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The Alt attribute still shows up the text on screen. What I am
saying is that you could hide the text of the alt attribute from
sighted users with CSS and still expose it to screen readers.
On 5/3/2019 8:41 AM, Richard Turner
Yes, CSS is great for setting up default fonts, margins, and more.
But, for alternative text on graphics, you can just use
ält="" and put the text between the quotes within the image
Check out my web site at: www.turner42.com
“The Hitch Hiker's Guide to the
Galaxy has this to say on the subject of flying. There is
an art, it says, or rather, a knack to flying. The knack
lies in learning how to throw yourself at the ground and
miss." --Douglas Adams, from Life, The Universe and
The most common way people give up their power is by
thinking they don't have any." -- Alice Walker
Hi. You might even consider the use of CSS or Cascading
Style sheets. These are documents that will allow you to
determine the layout and look of your page, and you could
do amazing things with them: like hiding text from the
sighted viewer, yet exposing those texts to screen
readers. Many web pages take this approach when
implementing the "Skip to navigation" or "Skip to content"
links. This wold mean that while your web page is well
described for your blind visitors, all those info
considered unnecessary to the sighted would be hidden from
them. So they would see your images, while those images
would have descriptions tagged and read out to the low
vision or the blind without any apparent unnecessary
clutter. Contact me off list if you are interested to
take this approach. Cheers!
On 5/3/2019 6:52 AM, David
& his pack of dogs wrote:
Kevin, My business “The
Diamond Touch Dog Rehabilitation Centre” is training
problem dogs. My logo is a picture of my former
guide dog. On my website
have my grad picture with him in it and a brief text
for the screen reader users to describe the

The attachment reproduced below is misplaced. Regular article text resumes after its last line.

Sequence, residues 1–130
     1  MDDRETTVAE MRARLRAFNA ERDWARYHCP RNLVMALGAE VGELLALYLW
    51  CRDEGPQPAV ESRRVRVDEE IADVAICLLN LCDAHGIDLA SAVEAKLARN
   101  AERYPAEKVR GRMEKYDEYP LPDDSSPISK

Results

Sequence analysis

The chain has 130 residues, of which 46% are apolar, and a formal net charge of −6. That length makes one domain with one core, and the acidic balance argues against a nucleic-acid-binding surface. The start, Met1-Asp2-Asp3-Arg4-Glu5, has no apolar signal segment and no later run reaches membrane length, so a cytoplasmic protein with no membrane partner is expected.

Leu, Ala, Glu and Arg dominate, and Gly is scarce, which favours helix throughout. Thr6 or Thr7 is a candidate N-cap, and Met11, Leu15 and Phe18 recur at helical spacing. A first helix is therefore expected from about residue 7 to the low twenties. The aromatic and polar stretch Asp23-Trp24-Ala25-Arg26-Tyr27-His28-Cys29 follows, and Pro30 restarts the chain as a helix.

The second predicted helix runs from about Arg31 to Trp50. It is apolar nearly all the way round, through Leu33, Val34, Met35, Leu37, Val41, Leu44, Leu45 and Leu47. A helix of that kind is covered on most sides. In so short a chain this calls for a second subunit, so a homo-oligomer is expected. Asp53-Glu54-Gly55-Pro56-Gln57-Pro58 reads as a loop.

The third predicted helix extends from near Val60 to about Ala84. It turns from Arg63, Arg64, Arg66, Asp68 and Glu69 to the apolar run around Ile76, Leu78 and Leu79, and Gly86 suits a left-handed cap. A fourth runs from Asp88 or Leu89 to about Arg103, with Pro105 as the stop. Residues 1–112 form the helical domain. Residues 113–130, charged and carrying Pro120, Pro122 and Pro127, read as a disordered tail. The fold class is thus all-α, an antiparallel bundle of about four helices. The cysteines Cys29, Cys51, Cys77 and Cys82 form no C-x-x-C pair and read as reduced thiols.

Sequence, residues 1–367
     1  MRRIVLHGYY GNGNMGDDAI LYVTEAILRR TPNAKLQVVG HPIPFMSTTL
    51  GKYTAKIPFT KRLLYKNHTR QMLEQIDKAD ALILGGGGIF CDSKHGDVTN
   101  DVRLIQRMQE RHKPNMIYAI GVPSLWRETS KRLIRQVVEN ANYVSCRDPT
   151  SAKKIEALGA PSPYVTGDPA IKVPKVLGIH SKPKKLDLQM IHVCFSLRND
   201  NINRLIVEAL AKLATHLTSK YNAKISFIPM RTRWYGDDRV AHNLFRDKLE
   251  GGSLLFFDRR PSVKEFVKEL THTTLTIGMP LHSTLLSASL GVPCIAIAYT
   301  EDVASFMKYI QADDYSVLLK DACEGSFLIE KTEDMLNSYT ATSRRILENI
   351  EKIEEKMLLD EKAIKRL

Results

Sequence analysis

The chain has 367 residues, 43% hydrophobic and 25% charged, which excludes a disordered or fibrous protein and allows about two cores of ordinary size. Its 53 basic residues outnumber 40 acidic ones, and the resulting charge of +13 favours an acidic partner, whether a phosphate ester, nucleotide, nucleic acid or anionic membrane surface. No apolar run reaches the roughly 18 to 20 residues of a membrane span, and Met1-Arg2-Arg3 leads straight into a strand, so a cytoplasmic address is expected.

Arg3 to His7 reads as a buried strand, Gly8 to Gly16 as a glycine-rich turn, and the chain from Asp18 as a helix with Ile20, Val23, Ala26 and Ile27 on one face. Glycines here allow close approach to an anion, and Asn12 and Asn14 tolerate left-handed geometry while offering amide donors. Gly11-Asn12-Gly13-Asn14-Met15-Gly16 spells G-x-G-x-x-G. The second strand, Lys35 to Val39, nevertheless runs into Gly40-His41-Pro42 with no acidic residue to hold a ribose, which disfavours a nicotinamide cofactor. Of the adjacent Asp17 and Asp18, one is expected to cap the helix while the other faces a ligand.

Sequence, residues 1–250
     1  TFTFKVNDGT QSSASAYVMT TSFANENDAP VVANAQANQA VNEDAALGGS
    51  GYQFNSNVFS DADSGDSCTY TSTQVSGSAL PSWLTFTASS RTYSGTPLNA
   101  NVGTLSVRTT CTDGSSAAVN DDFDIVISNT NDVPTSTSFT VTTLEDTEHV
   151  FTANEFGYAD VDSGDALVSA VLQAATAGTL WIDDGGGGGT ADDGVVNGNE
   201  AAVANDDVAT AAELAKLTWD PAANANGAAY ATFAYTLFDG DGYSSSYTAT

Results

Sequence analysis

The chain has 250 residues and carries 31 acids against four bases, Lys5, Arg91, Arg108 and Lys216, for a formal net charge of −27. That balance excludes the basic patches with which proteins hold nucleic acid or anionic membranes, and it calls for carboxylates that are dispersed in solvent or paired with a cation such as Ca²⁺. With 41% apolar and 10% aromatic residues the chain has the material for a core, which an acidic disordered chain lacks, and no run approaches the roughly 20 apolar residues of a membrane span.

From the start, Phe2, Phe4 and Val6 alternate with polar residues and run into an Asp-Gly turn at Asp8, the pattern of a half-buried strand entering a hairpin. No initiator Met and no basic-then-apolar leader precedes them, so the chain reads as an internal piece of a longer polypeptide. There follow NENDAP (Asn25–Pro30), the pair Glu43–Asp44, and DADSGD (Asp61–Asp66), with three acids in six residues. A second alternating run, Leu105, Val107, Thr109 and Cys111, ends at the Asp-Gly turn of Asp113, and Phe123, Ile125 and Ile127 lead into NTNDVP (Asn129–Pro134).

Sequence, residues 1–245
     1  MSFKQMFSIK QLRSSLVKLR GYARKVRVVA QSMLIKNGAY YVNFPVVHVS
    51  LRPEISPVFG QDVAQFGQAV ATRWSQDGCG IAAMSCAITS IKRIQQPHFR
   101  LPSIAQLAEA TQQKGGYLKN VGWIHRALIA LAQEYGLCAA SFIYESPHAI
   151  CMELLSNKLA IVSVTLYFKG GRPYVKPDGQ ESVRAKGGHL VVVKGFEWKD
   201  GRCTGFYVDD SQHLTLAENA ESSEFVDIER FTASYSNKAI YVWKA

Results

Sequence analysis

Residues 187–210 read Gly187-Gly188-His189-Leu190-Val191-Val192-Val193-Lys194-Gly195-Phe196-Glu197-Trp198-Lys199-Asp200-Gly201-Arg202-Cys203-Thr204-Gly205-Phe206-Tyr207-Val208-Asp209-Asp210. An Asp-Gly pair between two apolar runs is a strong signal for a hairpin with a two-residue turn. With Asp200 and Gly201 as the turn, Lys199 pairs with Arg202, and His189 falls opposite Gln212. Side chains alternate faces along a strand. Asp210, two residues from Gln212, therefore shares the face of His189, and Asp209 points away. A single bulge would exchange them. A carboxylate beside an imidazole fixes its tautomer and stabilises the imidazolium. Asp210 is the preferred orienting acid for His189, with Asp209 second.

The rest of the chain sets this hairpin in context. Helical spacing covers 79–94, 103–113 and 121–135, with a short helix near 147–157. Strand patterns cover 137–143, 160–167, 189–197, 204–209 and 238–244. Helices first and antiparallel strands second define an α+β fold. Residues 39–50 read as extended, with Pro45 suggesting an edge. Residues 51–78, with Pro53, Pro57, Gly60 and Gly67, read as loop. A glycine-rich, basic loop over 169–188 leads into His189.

picture. For me, nothing more annoying then when
the screen reader just reads out graphic or link.
The screen reader users have no idea what the
graphic is. I believe in 022 all websites in Canada
must by law be accessible for the blind. The text is
imbedded. So both groups, the sighted and screen
reader users are happy.
kind of depends on whether the graphic is for
esthetics or to pretty up the page, or if it
is supposed to represent a button or link. A
very brief description of the pictural would
be nice in stead of just hearing, “Graphic.”
All buttons or links that are used to perform
a vital function on the page must be labeled.
problem that I have noticed lately with
control elements on web pages are combo boxes
that do not say whatis in them when you hit
Enter to open them. I hear JAWS make the
sound when forms mode is open, but when I
press the down arrow, all I hear is krikets,
not even “Blank.” I found this recently on a
page where I needed to fill in my address.
The State is usually handled with a combo box
and you can enter the combo box and hit the
first letter of your state and hear those
states read, but this site did not work that
I am using
Firefox, JAWS 18 on a Windows 7 machine. By
the way, I am only running with 3 gigs of ram
and have not experienced any of the hangs and
sluggishness that all of those on here with
the latest of everything seem to be
reporting. I don’t upgrade anything until it
just will not work anymore or MS stops
For our struggle is not against flesh and
blood, but against the rulers, against the
powers, against the world forces of this
darkness, against the spiritual forces of
wickedness in the heavenly places.
Therefore, take up the full armor of God, so
that you will be able to resist in the evil
day, and having done everything, to stand
Ephesians 6:12, 13
Sent: Thursday, May 02, 2019
Subject: Graphics and pictures on a
taking a web development class. The final
project is to create a detailed web site. AS a
blind user I want to make this site as user
friendly to screen readers. I have some
scenarios below. Please provide me with
feedback on what works for you.
Link has a
graphic and there is no text. Would you prefer
just the link, text and graphic? Or it doesn’t
say there is a graphic and does say link and
then text telling you the use of the link.
There is a
picture used for decorative purposes. The
screen reader recognizes the picture and says
graphic. Sometimes there will be text and
other times no text. Would you prefer the
screen reader saying graphic and then the text
explaining the picture? Or just the graphic?
Or nothing at all?
graphics do have text do you like it to be
very detailed? Or is it okay to just say
something like “more information”? I say “more
information as I have seen this many times.
use something to in large the text, what
colors work best for you when viewing a web
have any other comments about problems you
encounter on a web site let me know.